Saks Fifth Avenue sent a dog treat company a cease and desist letter basically telling it to change its name, or else. Where does the retail giant get the nerve to tell another company what its name should be? Well, said other company is named Snaks 5th Avenchew, which Saks says infringes on its brand. Carrie Sarabella, the owner of the pet treat company, has said that she doesn’t plan to change her company’s name by the deadline given in the cease and desist letter, so it’s entirely possible that a courtroom is in the future. In the event that these two do end up in court, here’s what you can expect …
To begin with, Saks has many registered trademarks to protect its brand name – covering a range of things, including beauty products, apparel, and retail department store services. As the proud owner of several marks related to the Saks Fifth Avenue brand, the New York-based department store has the right (and the duty, as far as we’re concerned) to police for trademark infringers. When another person or business attempts to sell goods using a name that is likely to cause confusion among consumers, it’s probable that there is trademark infringement and Saks would be right to start with a cease and desist letter and then go to court if that didn’t work.
In addition to waging a legal battle because of infringement, trademark owners can also bring actions based on trademark dilution. Under federal law, a dilution claim can only be brought if the mark is famous. Courts determine whether a mark is famous or not by considering these factors: (1) the degree of inherent or acquired distinctiveness; (2) the duration and extent of use; (3) the amount of advertising and publicity; (4) the geographic extent of the market; (5) the channels of trade; (6) the degree of recognition in trading areas; (7) any use of similar marks by third parties; and (8) whether the mark is registered. Once famousness is satisfied (as it certainly would be for Saks), the owner of a trademark can bring a dilution claim either because of blurring or tarnishment. Blurring occurs when the power of a mark is weakened through association with dissimilar goods while tarnishment occurs when the mark is cast in an unflattering light.
Protecting trademarks is an important way to distinguish one brand from all the others, but it’s also crucial in order to prevent the loss of trademark rights. If, for example, third parties use a mark to the point where it no longer indicates the source of goods, and is thus generic, trademark rights can be lost. So there’s really nothing wrong with Saks trying to protect its brand. But that doesn’t mean the department store would win in court.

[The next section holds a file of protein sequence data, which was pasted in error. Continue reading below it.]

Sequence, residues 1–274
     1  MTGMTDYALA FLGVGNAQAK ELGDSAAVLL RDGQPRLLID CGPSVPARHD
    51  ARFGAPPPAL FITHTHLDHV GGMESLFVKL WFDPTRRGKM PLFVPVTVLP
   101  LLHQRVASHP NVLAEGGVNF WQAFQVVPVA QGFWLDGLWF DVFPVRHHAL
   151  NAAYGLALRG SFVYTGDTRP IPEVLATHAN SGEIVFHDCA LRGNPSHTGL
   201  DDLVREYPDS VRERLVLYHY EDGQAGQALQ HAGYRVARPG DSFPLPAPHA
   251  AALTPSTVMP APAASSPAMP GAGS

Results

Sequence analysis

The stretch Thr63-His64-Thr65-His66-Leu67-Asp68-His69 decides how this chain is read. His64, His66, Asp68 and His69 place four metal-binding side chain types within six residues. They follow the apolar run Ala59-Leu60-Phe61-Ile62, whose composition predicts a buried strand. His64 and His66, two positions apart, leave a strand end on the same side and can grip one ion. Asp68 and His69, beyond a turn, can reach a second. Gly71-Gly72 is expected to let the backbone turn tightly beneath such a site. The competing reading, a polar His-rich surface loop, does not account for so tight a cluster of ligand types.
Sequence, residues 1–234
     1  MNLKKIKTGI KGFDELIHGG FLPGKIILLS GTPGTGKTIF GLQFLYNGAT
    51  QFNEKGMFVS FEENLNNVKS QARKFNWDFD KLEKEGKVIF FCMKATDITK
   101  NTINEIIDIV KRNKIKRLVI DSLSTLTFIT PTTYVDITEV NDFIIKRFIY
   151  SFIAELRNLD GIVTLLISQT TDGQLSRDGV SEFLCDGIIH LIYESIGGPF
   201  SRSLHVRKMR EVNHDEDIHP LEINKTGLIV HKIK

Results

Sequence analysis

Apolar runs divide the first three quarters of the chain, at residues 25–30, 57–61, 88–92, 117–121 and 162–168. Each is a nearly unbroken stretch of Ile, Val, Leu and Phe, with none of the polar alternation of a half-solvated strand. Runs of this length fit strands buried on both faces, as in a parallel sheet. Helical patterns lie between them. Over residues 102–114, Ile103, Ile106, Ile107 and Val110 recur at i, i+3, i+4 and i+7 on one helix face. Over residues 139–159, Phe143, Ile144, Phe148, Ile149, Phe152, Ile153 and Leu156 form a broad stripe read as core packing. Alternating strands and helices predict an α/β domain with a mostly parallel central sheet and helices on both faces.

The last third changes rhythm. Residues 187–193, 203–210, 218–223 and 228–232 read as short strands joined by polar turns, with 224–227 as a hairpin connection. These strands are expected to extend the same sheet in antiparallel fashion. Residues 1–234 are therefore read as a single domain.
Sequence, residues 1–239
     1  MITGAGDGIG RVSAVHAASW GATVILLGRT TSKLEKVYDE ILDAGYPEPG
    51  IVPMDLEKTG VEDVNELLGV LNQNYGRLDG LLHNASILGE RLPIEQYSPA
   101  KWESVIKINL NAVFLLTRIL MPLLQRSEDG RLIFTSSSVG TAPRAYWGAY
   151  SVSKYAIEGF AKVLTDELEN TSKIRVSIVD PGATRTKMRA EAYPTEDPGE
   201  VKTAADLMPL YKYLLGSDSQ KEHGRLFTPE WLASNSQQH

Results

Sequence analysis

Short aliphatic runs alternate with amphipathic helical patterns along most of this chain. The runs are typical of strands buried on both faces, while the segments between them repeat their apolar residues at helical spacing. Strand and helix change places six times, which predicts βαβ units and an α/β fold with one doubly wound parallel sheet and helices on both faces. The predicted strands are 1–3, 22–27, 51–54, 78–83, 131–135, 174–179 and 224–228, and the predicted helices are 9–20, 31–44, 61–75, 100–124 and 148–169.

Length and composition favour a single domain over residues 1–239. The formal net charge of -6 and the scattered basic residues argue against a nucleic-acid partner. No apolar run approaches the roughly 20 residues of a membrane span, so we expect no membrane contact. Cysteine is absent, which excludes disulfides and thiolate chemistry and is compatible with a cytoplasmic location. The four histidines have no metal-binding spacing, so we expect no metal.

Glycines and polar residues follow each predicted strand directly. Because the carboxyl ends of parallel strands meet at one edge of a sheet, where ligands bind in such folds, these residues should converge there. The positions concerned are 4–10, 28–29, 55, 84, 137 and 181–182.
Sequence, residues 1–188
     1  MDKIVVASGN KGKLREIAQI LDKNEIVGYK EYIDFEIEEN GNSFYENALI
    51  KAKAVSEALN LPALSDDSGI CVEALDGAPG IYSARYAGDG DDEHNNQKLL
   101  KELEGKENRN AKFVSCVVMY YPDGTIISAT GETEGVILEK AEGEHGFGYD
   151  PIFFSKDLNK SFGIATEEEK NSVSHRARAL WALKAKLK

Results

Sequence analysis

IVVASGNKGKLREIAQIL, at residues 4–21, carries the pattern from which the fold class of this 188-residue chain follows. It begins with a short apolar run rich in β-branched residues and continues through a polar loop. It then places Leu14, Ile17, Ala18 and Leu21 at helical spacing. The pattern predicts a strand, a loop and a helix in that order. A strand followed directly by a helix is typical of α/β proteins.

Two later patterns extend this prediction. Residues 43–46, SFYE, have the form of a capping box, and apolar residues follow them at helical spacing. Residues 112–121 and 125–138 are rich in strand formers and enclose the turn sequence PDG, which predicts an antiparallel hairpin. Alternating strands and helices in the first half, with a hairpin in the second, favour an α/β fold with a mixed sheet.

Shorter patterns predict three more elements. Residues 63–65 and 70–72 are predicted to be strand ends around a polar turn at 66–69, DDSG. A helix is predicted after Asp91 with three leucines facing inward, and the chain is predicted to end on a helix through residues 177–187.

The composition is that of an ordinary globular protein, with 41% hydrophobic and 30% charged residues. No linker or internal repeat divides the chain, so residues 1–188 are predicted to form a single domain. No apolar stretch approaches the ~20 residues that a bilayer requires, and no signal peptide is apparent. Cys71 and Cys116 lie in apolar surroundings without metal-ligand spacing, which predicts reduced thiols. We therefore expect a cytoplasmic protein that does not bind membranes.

As far as we see it, there’s not a persuasive argument for trademark infringement because it would be hard to show a likelihood of confusion. Consumers probably won’t to be misled into thinking that either Saks makes the dog treats or is associated with the Snaks 5th Avenchew. A better claim would be dilution through blurring and/or tarnishment. But even that might not be a winner for Saks because Sarabella can always throw out the parody defense.
Several years ago, Louis Vuitton Malletier (LVM) brought suit against a small company called Haute Diggity Dog over a line of canine products called “Chewy Vuitton”. According to LVM, the line of toys “loosely resemble miniature handbags and undisputedly evoke LVM handbags of similar shape, design, and color.” LVM’s claims included trademark infringement and trademark dilution by blurring and tarnishment.
On infringement, LVM claimed that Haute Diggity Dog’s “marketing and sale of its ‘Chewy Vuitton’ dog toys infringe its trademarks because the advertising and sale of the ‘Chewy Vuitton’ dog toys is likely to cause confusion.” The United States Court of Appeals for the Fourth Circuit disagreed, finding that the “Chewy Vuitton” toys were not likely to confuse consumers into thinking that LVM created the toys or was affiliated with Haute Diggity Dog. The court noted that the dog toys were successful parodies, which influences the way the likelihood of confusion test is applied because “an effective parody will actually diminish the likelihood of confusion.” Ultimately, the court said, LVM failed to show a likelihood of confusion.
Turning to the issue of dilution by blurring, the court began by nothing that “parody is not automatically a complete defense to a claim of dilution by blurring where the defendant uses the parody as its own designation of source, i.e., as a trademark.” That said, the court did point out that parody is relevant to the overall dilution question and imposed on LVM an “increased burden to demonstrate that the distinctiveness of its famous marks is likely to be impaired by a successful parody.” The court concluded that LVM failed to make a case for dilution by blurring because it did not establish that “the distinctiveness of its marks was likely to be impaired by Haute Diggity Dog’s marketing and sale of its ‘Chewy Vuitton’ products.”
Dilution by tarnishment required a showing that the “Chewy Vuitton” toys harmed LVM’s reputation. The argument made by LVM was that the possibility that a dog could choke on a toy causes harm. The court disagreed and found that LVM “provided no record support for its assertion.”
So, all in all, Haute Diggity Dog’s victory does not bode too well for Saks. Time will tell if we’re destined to see a Saks v. Snaks showdown in court.
JENNIFER WILLIAMS is a recent law school graduate who writes about fashion, the legal avenues available for protecting it, and the ways in which the laws are falling short. She is currently awaiting admission to the NY State Bar. For more from Jennifer, follow her on Twitter.